The decision in Citizens United v. FEC incited much debate and hand-wringing. Are companies people? Is corporate speech protected? Does the metaphor of the market apply to freedom of speech and, if so, does that mean more regulation or no regulation?

One thing it did not anticipate, however, was more transparency.

The New York Times reports today that Citizens United contains within it the lances by which to slay the opaque shadows of corporate interests said to soon dominate the airwaves and field of public debate. The opinion and those who wrote it, notably, Scalia, would have the free and open expression of corporate interests, but only if they are held responsible for their statements.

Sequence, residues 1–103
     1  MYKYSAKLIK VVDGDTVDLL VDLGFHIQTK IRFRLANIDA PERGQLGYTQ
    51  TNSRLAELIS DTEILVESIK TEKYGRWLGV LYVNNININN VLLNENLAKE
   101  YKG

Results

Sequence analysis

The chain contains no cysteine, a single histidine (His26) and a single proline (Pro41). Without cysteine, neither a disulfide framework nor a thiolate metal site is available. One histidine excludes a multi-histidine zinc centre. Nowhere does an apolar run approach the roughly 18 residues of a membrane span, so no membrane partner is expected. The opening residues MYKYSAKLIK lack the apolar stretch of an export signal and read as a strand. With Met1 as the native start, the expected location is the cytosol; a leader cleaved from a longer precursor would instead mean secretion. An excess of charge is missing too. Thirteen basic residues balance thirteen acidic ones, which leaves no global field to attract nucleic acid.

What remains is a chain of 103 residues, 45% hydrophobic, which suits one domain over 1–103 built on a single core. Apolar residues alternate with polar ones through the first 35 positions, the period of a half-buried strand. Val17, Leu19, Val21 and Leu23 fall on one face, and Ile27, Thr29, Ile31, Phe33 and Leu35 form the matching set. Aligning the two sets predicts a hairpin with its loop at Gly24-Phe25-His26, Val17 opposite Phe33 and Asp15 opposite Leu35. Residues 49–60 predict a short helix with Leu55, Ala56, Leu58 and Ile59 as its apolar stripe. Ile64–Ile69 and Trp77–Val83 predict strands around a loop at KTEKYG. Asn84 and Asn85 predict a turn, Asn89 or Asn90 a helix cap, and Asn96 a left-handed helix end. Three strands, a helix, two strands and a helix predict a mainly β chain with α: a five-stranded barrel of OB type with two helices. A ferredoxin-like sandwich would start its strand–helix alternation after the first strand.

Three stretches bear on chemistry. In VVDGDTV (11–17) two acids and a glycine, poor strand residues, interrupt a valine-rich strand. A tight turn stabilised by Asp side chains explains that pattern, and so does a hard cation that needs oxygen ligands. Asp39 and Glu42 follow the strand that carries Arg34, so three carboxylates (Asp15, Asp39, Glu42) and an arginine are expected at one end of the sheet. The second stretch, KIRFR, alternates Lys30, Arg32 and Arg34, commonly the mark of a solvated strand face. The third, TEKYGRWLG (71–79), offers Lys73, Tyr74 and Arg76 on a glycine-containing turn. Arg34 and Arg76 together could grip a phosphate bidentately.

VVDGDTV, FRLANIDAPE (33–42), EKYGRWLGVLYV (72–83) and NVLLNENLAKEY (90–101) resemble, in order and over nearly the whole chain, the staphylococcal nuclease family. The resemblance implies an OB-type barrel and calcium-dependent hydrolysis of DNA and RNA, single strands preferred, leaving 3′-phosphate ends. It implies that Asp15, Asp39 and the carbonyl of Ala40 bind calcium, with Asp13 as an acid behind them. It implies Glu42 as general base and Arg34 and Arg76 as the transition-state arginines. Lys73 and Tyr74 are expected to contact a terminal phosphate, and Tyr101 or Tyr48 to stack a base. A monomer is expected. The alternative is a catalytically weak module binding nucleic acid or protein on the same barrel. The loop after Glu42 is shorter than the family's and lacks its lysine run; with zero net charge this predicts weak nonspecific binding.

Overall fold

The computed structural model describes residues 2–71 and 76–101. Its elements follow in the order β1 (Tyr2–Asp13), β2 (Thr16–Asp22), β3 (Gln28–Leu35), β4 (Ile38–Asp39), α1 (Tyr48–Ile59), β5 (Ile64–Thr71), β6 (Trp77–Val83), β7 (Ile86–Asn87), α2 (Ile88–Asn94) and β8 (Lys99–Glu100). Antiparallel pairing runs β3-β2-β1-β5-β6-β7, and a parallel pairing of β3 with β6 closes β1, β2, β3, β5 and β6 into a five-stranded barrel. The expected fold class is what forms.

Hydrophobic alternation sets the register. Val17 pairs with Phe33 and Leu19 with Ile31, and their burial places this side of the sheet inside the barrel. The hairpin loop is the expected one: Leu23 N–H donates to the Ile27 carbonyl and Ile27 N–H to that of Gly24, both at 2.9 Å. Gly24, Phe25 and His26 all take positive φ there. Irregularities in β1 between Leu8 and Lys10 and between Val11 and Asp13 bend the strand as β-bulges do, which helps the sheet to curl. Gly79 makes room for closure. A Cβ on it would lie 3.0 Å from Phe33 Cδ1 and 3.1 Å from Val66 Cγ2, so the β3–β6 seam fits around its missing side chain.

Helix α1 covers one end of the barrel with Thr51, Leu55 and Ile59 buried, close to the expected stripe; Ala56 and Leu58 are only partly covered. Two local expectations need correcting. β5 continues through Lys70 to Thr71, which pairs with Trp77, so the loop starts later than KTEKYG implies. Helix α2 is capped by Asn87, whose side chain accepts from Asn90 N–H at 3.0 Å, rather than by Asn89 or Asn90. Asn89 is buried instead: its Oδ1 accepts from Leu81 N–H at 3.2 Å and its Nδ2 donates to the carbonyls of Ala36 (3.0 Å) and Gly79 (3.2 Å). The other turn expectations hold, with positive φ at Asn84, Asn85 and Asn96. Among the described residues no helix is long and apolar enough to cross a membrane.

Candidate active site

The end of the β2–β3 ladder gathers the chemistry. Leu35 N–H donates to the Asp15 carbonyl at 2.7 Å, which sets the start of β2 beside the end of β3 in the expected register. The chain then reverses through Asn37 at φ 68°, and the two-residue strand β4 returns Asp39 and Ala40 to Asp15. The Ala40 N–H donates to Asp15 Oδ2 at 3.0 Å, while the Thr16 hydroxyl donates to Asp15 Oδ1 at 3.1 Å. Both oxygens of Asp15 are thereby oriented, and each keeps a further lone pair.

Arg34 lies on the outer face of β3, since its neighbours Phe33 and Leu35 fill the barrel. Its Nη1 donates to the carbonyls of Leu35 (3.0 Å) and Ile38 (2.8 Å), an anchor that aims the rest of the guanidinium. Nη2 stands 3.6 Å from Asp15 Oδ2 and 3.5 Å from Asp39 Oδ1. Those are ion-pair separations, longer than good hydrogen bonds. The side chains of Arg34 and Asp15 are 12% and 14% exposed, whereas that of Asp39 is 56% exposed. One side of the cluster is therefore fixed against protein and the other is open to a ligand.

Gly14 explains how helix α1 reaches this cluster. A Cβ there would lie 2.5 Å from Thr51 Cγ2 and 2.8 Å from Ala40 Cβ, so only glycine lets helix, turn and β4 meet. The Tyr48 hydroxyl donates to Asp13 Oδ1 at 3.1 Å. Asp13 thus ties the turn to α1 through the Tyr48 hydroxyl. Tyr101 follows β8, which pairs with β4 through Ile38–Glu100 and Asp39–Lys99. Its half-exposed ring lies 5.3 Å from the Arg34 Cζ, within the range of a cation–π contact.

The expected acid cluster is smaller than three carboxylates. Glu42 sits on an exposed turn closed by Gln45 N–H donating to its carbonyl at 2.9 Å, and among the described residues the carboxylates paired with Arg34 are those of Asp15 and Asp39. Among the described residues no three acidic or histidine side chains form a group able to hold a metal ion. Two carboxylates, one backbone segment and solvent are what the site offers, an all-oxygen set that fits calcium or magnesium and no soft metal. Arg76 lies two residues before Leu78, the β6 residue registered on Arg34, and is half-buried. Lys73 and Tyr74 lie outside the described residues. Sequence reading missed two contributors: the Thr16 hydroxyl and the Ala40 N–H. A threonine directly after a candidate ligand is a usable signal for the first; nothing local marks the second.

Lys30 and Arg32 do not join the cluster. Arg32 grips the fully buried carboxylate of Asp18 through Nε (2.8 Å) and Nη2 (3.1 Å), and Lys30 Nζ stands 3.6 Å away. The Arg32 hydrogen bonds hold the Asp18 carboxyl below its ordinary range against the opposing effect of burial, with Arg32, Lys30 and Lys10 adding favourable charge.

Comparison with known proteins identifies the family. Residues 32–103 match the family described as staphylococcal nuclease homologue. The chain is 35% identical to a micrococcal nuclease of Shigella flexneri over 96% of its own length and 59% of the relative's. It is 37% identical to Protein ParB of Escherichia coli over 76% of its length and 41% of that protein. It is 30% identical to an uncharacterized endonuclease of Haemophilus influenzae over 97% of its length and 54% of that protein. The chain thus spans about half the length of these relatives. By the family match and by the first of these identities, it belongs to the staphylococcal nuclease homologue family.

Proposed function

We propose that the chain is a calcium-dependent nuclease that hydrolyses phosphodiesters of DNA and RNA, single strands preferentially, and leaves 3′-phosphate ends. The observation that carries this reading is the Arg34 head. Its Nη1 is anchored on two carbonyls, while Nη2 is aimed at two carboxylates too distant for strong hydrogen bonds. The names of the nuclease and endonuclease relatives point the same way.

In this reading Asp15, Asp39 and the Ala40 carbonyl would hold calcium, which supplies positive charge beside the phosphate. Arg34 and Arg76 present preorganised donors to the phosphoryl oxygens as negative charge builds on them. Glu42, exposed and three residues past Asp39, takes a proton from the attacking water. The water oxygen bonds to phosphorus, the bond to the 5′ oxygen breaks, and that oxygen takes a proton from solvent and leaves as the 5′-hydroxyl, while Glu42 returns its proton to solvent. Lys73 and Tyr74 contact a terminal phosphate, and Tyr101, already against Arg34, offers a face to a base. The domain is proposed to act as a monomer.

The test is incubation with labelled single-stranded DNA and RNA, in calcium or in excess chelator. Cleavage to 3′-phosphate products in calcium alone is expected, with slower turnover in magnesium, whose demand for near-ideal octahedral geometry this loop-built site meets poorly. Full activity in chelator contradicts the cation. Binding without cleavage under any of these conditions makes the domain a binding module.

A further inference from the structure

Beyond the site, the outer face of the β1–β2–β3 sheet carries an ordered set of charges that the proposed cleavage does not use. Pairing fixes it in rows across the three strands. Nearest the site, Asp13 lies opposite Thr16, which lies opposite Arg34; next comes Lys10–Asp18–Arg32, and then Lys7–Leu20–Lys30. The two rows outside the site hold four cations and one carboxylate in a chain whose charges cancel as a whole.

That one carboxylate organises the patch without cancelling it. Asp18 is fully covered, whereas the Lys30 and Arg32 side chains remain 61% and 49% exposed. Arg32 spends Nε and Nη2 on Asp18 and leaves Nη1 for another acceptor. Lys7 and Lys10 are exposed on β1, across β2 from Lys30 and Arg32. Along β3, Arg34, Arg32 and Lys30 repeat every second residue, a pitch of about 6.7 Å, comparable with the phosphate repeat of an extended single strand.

Says Robert Scalia, “Requiring people to stand up in public for their political acts fosters civic courage, without which democracy is doomed.”

It is not a complete revocation of the unbridled free-market conceit equating speech to a marketplace. But it does impart caution into the notion that if it’s a marketplace, then we should eliminate all regulation forthwith.